Clark Blaise is a North American treasure, one of a handful of the truly important short story writers in the last 50 years. His Selected Essays brings together for the first time another aspect of his tremendous and courageous oeuvre, belle lettres, essays and occasional pieces which range over autobiography, his French-Canadan heritage, the craft of fiction, American fiction, Australian fiction, and the work of such individual writers and Jack Kerouac, V.S. Naipaul, Salmon Rushdie, Alice Munro, Leon Rooke, and Bernard Malamud, his friend and mentor. His essays on literary craft and technique are essential reading for aspiring writers and for readers eager for knowledge of literature’s nuts and bolts. Always elegant, profound, thought-provoking and contrarian, Blaise’s essays grapple with the themes and preoccupations that have animated his fiction, and give us a more intimate understanding of the work of this most modern of North American writers.
“More than any other writer, Blaise has shown how Canada is linked by geography, immigration, and cultural affinity to the wider world…”—The National Post
“Here is something remarkably original about Blaise’s work. Blaise is more than just a local colourist who ferrets out the curious details of “marginal” communities in order to delight cosmopolitan readers. Rather, if we consider the full arc of his work, we see that for nearly fifty years he has been challenging the way that we understand the concept of place in contemporary Canadian and American literature.”—Alexander McLeod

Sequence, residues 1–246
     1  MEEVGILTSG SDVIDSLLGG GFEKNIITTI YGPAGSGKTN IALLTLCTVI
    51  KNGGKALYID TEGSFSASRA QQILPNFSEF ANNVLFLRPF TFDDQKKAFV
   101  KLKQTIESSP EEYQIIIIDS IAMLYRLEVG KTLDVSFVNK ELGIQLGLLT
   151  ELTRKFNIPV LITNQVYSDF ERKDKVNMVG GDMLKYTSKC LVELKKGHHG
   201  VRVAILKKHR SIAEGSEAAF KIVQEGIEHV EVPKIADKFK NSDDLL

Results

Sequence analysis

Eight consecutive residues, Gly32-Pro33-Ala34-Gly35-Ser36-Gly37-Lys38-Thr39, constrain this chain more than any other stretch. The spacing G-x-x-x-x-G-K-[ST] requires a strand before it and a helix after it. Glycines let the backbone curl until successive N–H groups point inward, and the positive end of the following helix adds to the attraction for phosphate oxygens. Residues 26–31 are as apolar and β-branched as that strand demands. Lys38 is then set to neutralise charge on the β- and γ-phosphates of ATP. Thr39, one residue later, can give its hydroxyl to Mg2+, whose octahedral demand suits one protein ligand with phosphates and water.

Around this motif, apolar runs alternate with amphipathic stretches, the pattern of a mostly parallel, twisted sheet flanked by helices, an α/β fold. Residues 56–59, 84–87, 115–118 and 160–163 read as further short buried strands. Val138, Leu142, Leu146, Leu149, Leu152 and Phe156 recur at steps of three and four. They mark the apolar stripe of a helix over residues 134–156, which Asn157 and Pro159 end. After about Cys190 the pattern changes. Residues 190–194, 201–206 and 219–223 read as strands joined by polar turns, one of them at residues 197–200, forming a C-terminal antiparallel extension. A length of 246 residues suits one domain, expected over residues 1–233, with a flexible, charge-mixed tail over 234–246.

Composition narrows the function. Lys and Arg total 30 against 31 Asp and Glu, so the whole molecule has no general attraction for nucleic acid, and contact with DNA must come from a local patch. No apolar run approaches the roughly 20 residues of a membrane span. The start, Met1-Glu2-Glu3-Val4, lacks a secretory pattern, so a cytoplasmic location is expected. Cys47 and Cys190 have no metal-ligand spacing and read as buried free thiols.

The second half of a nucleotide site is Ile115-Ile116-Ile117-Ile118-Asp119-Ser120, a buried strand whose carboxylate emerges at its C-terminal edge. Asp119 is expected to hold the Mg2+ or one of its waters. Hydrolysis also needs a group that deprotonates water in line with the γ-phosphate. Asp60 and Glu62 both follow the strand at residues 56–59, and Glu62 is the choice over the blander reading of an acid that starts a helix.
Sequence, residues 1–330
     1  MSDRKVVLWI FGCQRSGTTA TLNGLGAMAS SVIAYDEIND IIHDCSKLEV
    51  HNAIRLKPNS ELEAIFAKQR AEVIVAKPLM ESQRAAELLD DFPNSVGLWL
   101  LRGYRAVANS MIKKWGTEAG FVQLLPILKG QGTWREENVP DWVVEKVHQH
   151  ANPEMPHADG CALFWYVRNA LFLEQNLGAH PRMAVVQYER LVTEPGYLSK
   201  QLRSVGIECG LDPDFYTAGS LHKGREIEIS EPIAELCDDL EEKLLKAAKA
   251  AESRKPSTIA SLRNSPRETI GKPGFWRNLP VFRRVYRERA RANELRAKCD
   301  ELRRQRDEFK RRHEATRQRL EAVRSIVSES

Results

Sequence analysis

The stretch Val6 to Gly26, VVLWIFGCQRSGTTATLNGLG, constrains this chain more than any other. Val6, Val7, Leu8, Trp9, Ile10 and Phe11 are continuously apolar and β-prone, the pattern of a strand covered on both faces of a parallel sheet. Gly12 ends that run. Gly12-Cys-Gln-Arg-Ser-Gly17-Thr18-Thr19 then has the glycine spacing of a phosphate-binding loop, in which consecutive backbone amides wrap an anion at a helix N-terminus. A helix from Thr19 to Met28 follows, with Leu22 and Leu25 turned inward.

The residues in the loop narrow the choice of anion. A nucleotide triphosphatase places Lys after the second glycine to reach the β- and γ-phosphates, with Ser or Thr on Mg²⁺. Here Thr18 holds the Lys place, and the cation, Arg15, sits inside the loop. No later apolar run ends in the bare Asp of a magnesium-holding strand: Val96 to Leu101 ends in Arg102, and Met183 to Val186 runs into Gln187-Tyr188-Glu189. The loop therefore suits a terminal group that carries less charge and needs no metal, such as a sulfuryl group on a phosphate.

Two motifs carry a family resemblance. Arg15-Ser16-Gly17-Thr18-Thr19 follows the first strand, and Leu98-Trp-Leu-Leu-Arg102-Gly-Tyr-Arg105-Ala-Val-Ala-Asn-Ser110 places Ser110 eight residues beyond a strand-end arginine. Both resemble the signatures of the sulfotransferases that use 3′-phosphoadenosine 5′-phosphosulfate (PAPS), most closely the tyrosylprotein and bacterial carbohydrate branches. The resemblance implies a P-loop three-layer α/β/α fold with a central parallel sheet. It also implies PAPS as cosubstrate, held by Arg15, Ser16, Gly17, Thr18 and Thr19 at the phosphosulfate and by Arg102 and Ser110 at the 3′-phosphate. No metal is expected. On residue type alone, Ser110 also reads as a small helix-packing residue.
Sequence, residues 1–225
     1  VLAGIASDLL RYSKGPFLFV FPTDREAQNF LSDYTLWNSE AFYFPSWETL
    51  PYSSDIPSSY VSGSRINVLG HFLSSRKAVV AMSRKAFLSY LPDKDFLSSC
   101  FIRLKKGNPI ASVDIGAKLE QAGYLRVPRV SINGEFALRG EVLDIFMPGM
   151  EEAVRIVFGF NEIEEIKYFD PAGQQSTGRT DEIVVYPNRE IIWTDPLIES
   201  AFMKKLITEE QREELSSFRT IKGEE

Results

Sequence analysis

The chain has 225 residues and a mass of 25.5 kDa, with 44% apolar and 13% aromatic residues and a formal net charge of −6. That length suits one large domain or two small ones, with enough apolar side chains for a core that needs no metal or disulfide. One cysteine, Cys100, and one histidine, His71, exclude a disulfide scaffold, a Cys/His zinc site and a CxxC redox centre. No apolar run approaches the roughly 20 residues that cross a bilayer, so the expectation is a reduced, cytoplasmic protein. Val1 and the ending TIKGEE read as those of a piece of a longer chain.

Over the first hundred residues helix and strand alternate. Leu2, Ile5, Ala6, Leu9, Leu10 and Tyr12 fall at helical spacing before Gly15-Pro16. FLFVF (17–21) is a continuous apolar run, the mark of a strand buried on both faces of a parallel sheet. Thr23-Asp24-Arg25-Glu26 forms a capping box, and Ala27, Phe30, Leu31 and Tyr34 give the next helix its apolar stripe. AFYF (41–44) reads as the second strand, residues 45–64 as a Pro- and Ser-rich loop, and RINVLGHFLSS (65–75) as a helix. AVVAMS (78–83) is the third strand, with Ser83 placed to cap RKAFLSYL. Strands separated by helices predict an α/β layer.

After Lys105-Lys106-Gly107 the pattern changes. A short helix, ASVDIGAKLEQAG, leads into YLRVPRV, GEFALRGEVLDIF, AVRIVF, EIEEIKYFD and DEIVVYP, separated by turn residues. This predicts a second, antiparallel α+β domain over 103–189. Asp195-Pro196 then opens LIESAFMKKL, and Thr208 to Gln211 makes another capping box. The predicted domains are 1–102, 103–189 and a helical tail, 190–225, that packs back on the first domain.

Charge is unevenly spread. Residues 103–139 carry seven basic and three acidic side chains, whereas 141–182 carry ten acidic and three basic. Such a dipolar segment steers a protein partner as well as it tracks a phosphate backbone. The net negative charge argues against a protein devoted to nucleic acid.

“The biographical bent is just one aspect of Blaise’s critical perspective, albeit, I believe, the dominant one. But the book also contains valuable discussions regarding the craft of writing, as well as more general historical/thematic reflections on literature and culture. Particularly good are the observations on how Americans look at Canadians, and how we look at them. Observations that are, in turn, informed by personal experience.”—Good Reports
“There is much substance in these essays to ponder; and to unsettle our assumptions, as good essays should.”—Michael Bryson